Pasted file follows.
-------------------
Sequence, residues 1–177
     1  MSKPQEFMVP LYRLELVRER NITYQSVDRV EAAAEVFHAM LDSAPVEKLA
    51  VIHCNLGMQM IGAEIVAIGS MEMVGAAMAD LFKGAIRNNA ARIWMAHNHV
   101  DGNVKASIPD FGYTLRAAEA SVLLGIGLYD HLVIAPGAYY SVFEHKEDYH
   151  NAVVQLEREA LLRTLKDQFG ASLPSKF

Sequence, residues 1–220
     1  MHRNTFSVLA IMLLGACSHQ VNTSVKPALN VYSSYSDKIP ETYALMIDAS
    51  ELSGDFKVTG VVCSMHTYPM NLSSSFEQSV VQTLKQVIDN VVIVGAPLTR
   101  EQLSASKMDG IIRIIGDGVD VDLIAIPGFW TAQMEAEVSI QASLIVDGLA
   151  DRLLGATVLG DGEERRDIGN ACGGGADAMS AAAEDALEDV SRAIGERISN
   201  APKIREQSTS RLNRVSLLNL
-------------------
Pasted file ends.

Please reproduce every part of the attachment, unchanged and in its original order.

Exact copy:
Sequence, residues 1–177
     1  MSKPQEFMVP LYRLELVRER NITYQSVDRV EAAAEVFHAM LDSAPVEKLA
    51  VIHCNLGMQM IGAEIVAIGS MEMVGAAMAD LFKGAIRNNA ARIWMAHNHV
   101  DGNVKASIPD FGYTLRAAEA SVLLGIGLYD HLVIAPGAYY SVFEHKEDYH
   151  NAVVQLEREA LLRTLKDQFG ASLPSKF

Sequence, residues 1–220
     1  MHRNTFSVLA IMLLGACSHQ VNTSVKPALN VYSSYSDKIP ETYALMIDAS
    51  ELSGDFKVTG VVCSMHTYPM NLSSSFEQSV VQTLKQVIDN VVIVGAPLTR
   101  EQLSASKMDG IIRIIGDGVD VDLIAIPGFW TAQMEAEVSI QASLIVDGLA
   151  DRLLGATVLG DGEERRDIGN ACGGGADAMS AAAEDALEDV SRAIGERISN
   201  APKIREQSTS RLNRVSLLNL